4. Leaders take contact details for the District Commissioner and District Secretary, and also details of when each of them is likely to be available. Details of who is attending are left with the Group Scout Leader.

1. The Leaders hold personal details for all of their Explorers, which they take with them. They've mobile phones and a phone at the place they're staying. As there are only a few Explorers attending, they're happy they can contact all parents and carers if required.

2. Parents and carers are given the mobile numbers of the Leaders and also the number of the hostel, but it's explained to them that these are only available in the event of an emergency.

3. Communications with people not on the event are left to each individual, but all are made aware that it mustn't disrupt the activities. If there are any problems to do with the event, these are discussed with the leadership team immediately.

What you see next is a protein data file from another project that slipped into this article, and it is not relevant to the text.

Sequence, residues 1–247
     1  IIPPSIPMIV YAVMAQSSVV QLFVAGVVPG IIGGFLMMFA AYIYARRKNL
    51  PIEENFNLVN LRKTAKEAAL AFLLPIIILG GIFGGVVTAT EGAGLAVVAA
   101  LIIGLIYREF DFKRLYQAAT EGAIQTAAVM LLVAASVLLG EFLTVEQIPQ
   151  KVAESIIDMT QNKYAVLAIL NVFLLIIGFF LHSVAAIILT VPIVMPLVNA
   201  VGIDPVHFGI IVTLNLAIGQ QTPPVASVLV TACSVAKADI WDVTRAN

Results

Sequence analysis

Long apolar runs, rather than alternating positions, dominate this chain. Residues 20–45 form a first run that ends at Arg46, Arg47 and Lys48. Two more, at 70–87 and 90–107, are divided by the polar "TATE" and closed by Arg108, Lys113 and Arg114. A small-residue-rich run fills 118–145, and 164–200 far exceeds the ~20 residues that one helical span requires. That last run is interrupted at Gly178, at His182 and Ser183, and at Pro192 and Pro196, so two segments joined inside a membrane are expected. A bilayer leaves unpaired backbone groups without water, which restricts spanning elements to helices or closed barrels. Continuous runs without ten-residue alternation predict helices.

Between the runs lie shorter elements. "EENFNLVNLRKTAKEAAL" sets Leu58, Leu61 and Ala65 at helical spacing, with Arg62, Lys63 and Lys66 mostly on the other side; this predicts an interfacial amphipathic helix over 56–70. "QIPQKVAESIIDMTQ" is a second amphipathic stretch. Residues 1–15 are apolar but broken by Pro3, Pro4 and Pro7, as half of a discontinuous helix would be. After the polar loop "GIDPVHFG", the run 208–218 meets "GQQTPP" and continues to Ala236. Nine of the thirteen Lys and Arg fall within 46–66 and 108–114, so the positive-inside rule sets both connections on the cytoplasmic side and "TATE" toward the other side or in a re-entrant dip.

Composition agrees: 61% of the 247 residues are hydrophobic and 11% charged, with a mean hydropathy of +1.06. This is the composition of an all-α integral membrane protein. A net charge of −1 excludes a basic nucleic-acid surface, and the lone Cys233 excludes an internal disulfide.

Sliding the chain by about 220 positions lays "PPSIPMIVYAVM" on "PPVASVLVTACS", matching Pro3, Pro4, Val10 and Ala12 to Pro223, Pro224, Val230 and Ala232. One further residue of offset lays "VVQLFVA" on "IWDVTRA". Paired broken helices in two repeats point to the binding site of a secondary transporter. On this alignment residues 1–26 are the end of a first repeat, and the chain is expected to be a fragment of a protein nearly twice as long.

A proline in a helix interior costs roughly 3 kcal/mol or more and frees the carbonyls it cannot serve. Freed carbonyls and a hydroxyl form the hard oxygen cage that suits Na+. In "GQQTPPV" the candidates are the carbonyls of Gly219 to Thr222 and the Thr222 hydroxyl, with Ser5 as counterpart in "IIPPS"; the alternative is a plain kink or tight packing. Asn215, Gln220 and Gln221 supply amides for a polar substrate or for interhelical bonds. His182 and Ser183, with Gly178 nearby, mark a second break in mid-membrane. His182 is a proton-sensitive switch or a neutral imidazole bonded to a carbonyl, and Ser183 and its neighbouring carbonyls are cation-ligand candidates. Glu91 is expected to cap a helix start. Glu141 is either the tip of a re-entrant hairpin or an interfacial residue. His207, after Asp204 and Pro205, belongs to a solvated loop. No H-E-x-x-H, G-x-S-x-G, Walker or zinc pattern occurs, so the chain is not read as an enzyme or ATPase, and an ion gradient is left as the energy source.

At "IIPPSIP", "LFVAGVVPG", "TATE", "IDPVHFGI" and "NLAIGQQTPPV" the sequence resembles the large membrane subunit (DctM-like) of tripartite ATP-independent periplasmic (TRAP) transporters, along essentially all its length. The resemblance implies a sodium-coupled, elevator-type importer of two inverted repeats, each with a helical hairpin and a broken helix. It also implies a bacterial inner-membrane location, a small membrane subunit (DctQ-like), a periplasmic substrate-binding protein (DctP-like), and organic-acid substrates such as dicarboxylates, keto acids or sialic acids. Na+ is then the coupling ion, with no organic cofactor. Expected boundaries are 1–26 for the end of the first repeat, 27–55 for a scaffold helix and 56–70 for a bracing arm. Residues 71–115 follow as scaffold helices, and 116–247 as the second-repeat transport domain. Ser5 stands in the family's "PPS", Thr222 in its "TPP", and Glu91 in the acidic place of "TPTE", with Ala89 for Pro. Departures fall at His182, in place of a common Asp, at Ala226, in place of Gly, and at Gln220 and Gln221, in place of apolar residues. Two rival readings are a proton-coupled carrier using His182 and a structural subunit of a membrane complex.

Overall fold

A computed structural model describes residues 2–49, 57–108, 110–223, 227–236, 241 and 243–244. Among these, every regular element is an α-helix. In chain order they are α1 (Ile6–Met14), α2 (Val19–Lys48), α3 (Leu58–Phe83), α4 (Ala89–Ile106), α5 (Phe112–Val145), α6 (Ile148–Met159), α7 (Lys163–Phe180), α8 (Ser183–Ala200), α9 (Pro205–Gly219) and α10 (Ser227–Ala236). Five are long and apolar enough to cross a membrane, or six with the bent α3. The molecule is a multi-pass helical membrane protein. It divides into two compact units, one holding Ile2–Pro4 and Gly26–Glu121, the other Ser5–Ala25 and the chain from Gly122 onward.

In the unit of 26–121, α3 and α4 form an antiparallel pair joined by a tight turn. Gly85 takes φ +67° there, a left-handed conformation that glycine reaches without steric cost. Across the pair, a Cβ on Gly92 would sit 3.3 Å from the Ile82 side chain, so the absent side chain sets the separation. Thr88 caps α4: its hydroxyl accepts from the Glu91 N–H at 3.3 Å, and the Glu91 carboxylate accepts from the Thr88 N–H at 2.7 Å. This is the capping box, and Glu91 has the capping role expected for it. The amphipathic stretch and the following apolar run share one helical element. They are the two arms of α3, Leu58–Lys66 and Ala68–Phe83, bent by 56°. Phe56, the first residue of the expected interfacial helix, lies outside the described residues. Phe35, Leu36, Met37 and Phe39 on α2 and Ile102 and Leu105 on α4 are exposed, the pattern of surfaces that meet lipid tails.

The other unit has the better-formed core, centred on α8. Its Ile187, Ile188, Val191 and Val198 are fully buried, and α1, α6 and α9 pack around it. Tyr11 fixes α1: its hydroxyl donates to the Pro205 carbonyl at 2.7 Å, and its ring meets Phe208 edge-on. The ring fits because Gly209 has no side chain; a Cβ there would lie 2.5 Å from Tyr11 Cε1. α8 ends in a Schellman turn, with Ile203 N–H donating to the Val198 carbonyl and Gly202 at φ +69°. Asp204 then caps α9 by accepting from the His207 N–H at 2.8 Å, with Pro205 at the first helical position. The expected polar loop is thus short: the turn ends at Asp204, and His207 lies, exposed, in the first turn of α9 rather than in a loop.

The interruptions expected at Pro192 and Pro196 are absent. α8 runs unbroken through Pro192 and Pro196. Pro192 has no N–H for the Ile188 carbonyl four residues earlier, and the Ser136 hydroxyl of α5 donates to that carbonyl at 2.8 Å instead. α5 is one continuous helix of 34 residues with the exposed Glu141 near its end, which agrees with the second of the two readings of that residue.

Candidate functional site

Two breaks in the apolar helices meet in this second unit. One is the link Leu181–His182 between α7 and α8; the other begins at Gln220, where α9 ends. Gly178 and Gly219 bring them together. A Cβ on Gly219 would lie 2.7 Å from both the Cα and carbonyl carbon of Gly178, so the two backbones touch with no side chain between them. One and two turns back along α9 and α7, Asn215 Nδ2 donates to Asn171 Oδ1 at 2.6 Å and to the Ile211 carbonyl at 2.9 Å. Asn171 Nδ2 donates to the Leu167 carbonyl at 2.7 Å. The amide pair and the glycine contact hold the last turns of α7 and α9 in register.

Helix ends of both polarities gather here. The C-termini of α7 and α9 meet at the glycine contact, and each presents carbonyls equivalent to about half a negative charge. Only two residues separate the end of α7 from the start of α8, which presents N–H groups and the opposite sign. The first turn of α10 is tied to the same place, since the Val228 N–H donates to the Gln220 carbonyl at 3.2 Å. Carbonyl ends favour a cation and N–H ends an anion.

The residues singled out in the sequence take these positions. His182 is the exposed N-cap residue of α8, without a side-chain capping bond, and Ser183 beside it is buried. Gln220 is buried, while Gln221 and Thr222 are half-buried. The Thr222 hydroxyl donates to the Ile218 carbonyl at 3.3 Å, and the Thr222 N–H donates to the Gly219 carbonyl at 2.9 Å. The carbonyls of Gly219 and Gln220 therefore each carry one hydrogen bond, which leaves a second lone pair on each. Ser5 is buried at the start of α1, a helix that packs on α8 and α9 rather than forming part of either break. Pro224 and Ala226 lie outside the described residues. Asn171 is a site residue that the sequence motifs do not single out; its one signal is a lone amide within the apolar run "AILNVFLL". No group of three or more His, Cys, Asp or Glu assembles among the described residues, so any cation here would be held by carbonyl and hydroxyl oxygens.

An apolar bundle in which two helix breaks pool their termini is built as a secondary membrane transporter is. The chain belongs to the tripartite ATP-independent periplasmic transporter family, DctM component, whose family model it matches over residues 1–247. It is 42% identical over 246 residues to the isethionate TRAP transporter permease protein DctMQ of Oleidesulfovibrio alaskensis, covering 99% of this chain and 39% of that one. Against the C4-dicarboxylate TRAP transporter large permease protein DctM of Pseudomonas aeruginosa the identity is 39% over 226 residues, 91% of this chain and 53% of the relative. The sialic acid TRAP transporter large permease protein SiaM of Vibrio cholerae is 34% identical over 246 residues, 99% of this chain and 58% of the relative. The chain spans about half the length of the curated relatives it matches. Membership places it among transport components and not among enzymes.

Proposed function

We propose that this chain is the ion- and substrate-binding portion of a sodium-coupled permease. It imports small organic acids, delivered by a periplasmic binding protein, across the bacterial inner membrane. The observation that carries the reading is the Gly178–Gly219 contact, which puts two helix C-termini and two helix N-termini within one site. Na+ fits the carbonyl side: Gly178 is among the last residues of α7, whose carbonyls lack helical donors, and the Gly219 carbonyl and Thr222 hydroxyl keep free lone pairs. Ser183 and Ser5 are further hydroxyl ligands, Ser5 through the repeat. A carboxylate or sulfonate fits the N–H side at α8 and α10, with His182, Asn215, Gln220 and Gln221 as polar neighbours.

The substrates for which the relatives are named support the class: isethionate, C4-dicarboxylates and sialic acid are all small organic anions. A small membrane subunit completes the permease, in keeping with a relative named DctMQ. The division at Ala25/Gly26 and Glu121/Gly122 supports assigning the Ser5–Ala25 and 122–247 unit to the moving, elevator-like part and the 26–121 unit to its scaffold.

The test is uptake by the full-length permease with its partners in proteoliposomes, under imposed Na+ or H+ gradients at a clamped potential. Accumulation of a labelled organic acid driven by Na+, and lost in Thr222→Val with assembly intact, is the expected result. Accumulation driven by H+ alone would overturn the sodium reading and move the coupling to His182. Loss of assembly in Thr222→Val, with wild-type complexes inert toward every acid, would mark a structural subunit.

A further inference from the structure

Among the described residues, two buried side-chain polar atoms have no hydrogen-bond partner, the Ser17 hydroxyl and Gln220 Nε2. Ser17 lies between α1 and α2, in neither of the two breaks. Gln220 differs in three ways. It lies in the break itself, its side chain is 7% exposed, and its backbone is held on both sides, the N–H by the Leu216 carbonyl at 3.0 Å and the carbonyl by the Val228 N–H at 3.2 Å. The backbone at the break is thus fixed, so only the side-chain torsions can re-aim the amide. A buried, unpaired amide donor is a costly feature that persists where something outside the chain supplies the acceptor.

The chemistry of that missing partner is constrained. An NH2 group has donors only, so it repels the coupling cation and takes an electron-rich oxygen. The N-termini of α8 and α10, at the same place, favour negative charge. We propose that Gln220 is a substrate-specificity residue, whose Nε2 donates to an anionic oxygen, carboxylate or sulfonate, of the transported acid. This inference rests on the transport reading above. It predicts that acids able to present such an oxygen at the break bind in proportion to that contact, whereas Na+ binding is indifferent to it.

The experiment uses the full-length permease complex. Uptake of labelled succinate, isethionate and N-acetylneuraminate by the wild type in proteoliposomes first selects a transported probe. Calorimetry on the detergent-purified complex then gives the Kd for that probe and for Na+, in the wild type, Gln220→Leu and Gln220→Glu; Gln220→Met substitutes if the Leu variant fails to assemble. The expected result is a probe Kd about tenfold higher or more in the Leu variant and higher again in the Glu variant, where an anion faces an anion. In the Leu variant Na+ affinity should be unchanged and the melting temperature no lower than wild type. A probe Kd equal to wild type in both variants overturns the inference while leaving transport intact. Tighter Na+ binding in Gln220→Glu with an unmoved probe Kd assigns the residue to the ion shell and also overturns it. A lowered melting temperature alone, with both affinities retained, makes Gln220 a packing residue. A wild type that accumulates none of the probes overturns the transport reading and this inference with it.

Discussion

4. Leaders take contact details for the District Commissioner and District Secretary, and also details of their availability. Details of who is attending are left with the District Explorer Scout Commissioner.

1. Members are required to give next of kin details when they arrive at the event, and these are then held centrally. The organisers have mobile phones and the campsite pay phone if they need to contact anyone. They also have an event website that they can update with general messages.

2. Contact details of the organising team are made available.

3. Communications with people not on the event are left to each individual.

4. Organisers have contact details of the County Commissioner. They also keep a centralised record of those who have turned up at the event along with their next of kin details.

1. The caving team holds details (including next of kin) for all their members which they take on each event. They have mobile phones with them and there is a phone at the bunkhouse where they are staying.

2. The organisers contact details are included in all information provided about the event.

3. Communications with people not on the event are left to each individual.

4. Organisers have contact details of the County Commissioner and a list of which caving team members are attending.

1. The Leaders hold personal details for all of their Explorers which they'll have access to during the weekend. As they'll be at home, they'll have easy access to ways of communicating. Leaders make sure that all contact details are up-to-date.